Late in my father’s life I learned that Dad was paying her a mere pittance for the scrumptious black walnut cakes she made for him on a regular basis. I just happened to ask him or her, I don’t remember which one, the payment amount. When I learned it was $10 I asked Dad if he knew what a cake like that would cost from a bakery and told him it would likely be between $30 and $40. Characteristically, his reply was: “If I ate a bite of cake that cost that much it would give me a bad case of indigestion.” I just chuckled to myself and henceforth my brother and I made up the difference between what Dad paid and what he should have been paying. When I first did this Beulah said: “Why, I’d bake that cake for him for nothing.” That wasn’t just talk. She meant it, and that gives some index to the woman and her character.
As lovely in a visual sense as she was as a person (see photo of her above), a couple of years before her death Beulah blessed me with a most meaningful physical reminder of her goodness. It came in the form of a cutting from a flowering cactus somewhat similar to those sometimes known as Christmas cacti. It doesn’t bloom at Christmas but on a schedule of its own I’ve never quite figured out. However, when that happens the results are spectacular, because each bloom is the size of my open hand (see image below).
Whenever I enjoyed a conversation with her, my thoughts would invariably go back to another wonderful black woman, this time one who figured quite prominently in my boyhood, Aunt Mag (Maggie) Williams. As a boy I never knew her last name, although I incorrectly thought it was Parrish. To me she was just Aunt Mag, with the “Aunt” being a title of respect accorded an elderly woman. She and her daughter, Elma, lived just down the road from us, and they were, in terms of material goods, about as poor as it was possible to be. “Poor as Job’s turkey” was the phrase I often heard my parents use to describe them. Yet both Aunt Mag and Elma had a splendid work ethic and in some senses lived a simple existence worthy of envy. According to my parents, they washed my diapers when I was a baby, boiling them in a big iron kettle situated over a fire outdoors. They kept chickens (we sometimes bought eggs from them when they had extra ones) and raised a garden, and Daddy always planted a bit of extra stuff in our garden with them specifically in mind. He loved to talk about how Aunt Mag approached the whole matter of garden produce.
When she noticed an abundance of something like mustard greens, tomatoes, or turnips, she would ask if she could have some. Invariably she did it in a polite fashion, always finishing with the phrase, “I always say it ain’t worth having if you don’t ask for it right.” Whatever they grew, gathered (they didn’t let poke salad, wild strawberries, blackberries, or indeed any of nature’s readily available bounty go to waste) or got from us, Aunt Mag could work sheer culinary magic with it. She cooked on an old cast iron wood-burning stove we had given her when we got “big time” and acquired an electric one. Even today, just thinking of the food which came from Aunt Mag’s stove sets my salivary glands into involuntary overdrive.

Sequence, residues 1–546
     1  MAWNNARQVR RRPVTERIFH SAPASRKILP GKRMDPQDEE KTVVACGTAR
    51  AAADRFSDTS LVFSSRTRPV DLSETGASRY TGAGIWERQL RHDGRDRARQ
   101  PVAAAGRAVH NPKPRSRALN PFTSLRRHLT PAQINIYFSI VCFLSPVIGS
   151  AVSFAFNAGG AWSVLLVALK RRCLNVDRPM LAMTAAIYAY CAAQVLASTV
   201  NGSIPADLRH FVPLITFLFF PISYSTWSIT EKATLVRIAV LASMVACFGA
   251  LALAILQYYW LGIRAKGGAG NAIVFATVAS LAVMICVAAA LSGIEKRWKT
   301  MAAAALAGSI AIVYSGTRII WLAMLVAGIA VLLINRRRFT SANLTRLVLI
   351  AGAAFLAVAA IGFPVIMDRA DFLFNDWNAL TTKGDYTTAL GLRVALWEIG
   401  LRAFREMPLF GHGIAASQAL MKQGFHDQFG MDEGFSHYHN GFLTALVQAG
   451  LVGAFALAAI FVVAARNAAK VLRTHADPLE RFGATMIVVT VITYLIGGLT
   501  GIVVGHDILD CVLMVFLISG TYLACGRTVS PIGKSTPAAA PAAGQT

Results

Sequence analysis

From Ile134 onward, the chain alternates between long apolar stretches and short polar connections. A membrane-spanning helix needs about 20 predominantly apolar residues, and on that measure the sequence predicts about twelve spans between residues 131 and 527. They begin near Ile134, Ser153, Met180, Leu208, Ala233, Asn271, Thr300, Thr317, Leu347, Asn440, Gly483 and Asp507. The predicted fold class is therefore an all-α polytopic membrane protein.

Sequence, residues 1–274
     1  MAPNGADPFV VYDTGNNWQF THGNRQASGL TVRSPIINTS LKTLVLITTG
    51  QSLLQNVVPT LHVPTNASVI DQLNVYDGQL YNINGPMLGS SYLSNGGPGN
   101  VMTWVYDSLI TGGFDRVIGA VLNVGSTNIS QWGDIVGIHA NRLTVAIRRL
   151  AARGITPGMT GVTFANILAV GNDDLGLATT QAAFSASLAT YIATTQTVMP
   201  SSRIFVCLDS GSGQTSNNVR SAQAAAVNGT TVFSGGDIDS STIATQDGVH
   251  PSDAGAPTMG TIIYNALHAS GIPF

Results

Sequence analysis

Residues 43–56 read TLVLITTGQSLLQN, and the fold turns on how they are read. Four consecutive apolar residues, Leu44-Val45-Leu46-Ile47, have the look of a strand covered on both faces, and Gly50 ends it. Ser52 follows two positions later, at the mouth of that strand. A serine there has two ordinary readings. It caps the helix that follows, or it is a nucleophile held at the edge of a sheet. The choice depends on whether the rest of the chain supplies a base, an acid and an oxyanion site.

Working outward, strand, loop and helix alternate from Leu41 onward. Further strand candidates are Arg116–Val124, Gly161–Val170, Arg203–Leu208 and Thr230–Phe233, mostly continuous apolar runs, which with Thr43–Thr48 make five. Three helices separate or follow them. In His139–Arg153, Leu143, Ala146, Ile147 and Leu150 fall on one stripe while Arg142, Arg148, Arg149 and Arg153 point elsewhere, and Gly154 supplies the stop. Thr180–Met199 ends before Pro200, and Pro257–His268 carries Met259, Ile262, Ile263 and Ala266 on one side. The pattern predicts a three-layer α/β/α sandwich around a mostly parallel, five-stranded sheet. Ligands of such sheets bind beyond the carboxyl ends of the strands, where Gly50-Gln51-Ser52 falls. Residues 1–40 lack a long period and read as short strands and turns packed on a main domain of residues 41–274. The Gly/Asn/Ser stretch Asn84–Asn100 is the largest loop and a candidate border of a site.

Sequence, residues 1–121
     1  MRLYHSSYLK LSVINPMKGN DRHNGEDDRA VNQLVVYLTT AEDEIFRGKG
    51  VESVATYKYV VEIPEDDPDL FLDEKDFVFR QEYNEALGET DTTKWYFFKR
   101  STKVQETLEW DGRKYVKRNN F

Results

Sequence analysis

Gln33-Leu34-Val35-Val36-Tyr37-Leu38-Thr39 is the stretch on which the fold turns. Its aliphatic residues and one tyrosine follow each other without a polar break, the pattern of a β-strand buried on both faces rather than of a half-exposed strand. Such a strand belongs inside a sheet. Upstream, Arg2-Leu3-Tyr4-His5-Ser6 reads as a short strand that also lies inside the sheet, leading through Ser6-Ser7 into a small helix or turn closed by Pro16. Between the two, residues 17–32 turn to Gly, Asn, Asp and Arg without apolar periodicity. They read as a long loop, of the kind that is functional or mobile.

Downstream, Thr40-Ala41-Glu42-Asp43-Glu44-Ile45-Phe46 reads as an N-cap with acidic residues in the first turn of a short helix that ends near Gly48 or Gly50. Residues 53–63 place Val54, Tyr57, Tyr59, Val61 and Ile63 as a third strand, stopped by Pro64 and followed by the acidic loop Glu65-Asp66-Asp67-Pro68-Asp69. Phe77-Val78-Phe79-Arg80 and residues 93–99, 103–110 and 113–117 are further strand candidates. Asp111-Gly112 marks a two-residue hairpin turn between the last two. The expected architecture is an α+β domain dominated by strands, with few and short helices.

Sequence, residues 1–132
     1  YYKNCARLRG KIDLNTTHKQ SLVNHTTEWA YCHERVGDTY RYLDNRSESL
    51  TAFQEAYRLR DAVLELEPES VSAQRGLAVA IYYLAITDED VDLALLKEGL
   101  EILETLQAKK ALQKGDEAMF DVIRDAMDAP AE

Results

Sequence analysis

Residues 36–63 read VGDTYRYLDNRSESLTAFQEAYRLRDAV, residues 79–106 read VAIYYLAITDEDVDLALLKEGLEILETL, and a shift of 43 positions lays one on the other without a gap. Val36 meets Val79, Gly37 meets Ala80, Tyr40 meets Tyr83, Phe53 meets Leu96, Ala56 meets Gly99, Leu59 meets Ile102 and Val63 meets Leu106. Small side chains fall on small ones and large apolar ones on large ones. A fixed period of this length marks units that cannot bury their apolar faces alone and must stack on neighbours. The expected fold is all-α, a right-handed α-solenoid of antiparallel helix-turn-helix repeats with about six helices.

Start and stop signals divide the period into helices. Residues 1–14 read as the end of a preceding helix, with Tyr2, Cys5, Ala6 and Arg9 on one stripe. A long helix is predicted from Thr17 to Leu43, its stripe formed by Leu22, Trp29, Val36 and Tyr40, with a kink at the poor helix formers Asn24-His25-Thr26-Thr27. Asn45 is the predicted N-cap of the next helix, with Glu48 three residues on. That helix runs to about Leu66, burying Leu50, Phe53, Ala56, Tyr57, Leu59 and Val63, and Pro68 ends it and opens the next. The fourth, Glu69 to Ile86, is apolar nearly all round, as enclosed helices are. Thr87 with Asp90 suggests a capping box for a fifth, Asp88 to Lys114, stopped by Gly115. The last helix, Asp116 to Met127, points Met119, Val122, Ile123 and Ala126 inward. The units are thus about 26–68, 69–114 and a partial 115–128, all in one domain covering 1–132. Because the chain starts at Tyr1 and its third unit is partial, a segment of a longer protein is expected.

She also was decidedly of the “make do with what you’ve got” school of thinking when it came to all matters culinary. I’ll offer two anecdotal examples, both of which tickled my fancy as a boy and continue to do so as a man. Aunt Mag’s chicken lot was a gold mine when it came to digging worms for fishing. A quarter hour with a mattock could produce enough worms for a full day on the creek or river, and it didn’t seem to matter that I dug them day after day in the warm weather months—there were always plenty more. Aunt Mag (and the chickens) welcomed my bait-gathering activities, but the former did expect something in return. Namely, regular messes of fish. Day after day I would bring her a mixed stringer of catfish, panfish, and a member of the stoneroller family locally known as knottyheads. Then came a string of days of fishing when I returned without the normal and expected bounty. Aunt Mag looked at me in abject dismay and asked: “Didn’t you catch any?”
I confessed that the fishing had been slow and that about all I had managed to catch were quite small bluegills which I had turned loose. She put her hands on her hips in what was clearly a posture of exasperation, eyed me quizzically, and asked a further question: “Were they bigger than a butterbean?” I acknowledged that while they were small, they did indeed exceed the size of a butterbean to an appreciable degree. Her response said it all. “Well, I’ll eat a butterbean.”
Aunt Mag also was a regular customer for the carcasses of muskrats produced by my winter trapping, and she paid perfectly good “cash money” for them to the tune of two bits per muskrat. Had my father know of this particular moneymaking enterprise he would have tanned my hide, but I always needed cash for a handful of shotgun shells (you could by them individually in the 1950s, at least where I grew up). Accordingly, I took her money most willingly.